Elena Ferrante- The Story of the Lost Child

And so to the final book in the quartet of Ferrante’s ‘Neapolitan Novels’ : ‘The Story of the Lost Child’ . (For background see my  reviews of the previous books ‘My Brilliant Friend’, ‘The Story of a New Name‘ and ‘Those who leave and those who stay’). This book covers a wide span of time, from the early 70s to the present day and sees Lenù and Lila live through the rest of  their youth and middle age to become older women in their 60s. The pull of Naples and the neighbourhood is strong and we see Lenù returning to live there, but always with mixed feelings as violence and corruption are still part of life there.

The novel starts with Lenù having left her husband Pietro with her daughters and going off to Montpellier with her lover , Nino Sarratore, whom, readers will remember, she has adored since girlhood. Their intense and passionate love affair is the driving force through the first half of the book, as well as the complications which then ensue for Lenù, not least the break with the powerful Airota family and the damage that does to her career. She leaves Pietro and Florence and returns to live in Naple’s comfortable and middle class Via Tossa with her two daughters, Dede and Elsa, but still spending time with Lila and her family in the neighbourhood. Not wishing to give too much away, Lenù ends up moving from the Via Tossa to a dingy flat in the neighbourhood where she brings up her now three daughters (Imma being the daughter of Nino Sarratore) and stays there till they leave home.

The personal story, which kept me gripped with some unexpected and dramatic turns of events, is set as before, against the political and historical developments in Italy and Europe at that time. We see the anxiety around political activism and terrorism when Lenù and Nino go to Germany and are arrested and questioned before a wall of mug shots of the German Baader Meinhof group. The assassination of Aldo Moro is referred to. In the latter part of the book, which takes place in the 90s, the corruption of figures in public office is dealt with and several characters in the book spend time in prison on corruption charges. There is also a terrifying account of Lenù and Lila’s experience of the Italian earthquake.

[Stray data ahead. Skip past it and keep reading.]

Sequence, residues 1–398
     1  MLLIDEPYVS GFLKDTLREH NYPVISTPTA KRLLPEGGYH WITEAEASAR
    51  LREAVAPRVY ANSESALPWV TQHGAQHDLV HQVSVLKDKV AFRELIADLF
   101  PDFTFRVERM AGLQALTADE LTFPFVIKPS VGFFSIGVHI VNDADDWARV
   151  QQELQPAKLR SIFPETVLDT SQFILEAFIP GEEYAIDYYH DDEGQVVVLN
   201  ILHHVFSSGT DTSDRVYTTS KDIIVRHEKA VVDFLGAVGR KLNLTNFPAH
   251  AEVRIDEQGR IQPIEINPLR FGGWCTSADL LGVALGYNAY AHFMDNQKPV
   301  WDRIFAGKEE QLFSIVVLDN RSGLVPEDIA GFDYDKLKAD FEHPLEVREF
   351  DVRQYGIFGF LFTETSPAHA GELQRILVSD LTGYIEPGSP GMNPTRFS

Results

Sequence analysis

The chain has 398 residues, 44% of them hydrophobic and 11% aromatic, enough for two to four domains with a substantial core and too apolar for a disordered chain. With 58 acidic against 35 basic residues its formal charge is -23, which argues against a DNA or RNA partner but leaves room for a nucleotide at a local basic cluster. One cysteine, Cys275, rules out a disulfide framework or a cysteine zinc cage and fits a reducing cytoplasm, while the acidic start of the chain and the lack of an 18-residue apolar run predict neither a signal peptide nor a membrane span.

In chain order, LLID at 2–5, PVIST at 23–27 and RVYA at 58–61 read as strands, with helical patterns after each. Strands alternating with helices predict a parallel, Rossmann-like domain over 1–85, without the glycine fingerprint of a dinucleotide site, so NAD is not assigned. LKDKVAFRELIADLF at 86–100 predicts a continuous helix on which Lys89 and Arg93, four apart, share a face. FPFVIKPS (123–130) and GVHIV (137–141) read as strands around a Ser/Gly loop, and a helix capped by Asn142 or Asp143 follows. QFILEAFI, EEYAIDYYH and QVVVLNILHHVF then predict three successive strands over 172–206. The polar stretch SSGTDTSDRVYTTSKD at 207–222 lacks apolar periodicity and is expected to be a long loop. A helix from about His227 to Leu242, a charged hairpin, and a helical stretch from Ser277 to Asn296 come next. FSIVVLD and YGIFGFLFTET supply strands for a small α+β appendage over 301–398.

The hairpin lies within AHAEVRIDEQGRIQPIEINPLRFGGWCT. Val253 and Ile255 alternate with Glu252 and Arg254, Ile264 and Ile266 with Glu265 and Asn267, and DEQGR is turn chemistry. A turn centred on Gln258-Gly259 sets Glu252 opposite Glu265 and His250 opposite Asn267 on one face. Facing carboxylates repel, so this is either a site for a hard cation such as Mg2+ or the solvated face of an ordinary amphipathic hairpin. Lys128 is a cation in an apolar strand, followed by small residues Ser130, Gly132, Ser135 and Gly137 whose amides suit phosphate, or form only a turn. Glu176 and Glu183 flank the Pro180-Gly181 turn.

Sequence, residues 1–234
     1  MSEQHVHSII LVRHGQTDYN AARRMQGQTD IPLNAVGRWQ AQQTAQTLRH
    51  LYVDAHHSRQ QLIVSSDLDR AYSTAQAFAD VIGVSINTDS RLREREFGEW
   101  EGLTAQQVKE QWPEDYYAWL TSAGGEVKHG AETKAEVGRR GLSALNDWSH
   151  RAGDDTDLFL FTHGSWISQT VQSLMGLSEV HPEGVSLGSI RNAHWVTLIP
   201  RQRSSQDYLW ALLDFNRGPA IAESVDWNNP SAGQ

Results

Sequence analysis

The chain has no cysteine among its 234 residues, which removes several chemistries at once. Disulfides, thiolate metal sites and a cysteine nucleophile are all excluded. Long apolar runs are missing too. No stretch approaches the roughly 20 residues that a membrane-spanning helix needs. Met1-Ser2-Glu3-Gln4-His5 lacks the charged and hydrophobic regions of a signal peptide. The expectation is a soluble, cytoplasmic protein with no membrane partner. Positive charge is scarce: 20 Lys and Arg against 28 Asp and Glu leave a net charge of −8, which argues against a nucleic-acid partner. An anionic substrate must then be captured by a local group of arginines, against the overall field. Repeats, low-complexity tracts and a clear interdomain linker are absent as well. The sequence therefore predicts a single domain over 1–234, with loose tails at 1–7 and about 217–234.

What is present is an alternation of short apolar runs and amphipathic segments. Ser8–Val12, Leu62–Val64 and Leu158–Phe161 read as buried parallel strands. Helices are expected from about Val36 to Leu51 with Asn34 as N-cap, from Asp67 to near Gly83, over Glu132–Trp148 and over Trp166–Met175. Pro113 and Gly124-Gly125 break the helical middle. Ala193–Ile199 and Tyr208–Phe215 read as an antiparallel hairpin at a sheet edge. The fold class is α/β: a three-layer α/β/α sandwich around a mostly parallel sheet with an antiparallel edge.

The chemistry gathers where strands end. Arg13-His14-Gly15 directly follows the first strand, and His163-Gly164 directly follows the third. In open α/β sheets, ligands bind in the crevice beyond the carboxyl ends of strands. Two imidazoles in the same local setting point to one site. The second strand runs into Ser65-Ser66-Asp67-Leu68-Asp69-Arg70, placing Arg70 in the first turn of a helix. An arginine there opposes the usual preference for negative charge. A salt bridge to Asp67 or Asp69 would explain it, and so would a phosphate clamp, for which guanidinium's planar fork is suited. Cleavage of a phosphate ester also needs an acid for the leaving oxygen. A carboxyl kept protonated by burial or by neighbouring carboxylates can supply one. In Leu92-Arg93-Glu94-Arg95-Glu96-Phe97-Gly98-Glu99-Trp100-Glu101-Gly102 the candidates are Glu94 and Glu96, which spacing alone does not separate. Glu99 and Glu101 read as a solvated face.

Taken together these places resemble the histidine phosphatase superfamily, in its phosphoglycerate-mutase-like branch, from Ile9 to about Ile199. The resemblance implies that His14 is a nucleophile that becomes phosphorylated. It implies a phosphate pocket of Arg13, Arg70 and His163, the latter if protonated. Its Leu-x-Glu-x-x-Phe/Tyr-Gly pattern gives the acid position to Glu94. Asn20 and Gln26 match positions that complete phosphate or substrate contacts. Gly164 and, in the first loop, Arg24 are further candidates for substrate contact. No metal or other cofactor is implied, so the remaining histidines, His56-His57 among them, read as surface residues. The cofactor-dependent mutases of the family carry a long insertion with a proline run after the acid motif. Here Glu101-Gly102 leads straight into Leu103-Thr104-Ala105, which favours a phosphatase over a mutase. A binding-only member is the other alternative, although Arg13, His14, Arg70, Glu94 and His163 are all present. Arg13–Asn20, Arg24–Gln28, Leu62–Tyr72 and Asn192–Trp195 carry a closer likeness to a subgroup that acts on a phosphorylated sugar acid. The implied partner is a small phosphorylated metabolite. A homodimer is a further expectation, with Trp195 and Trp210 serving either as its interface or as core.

The changes in class and gender relations which took place in the period covered by the book are also explored. The Airotas’ rejection of Lenù at the beginning of the book includes a rejection on the grounds of her class. They call both her and Nino ‘unreliable’ in terms of their views and behaviour, because, though educated, they have come from nowhere and ‘for a person who is no one to become someone is more important than anything else’. Adele, having supported Lenù’s writing career before, attempts to pull class and influence to turn publishers against her. However, their pulling up of the class drawbridge is only effective for so long: Lenù’s books are successful despite her ex mother-in- law, their beloved son Pietro eventually breaks with his father over political differences and Guido Airota is involved in the corruption scandal for which he does time.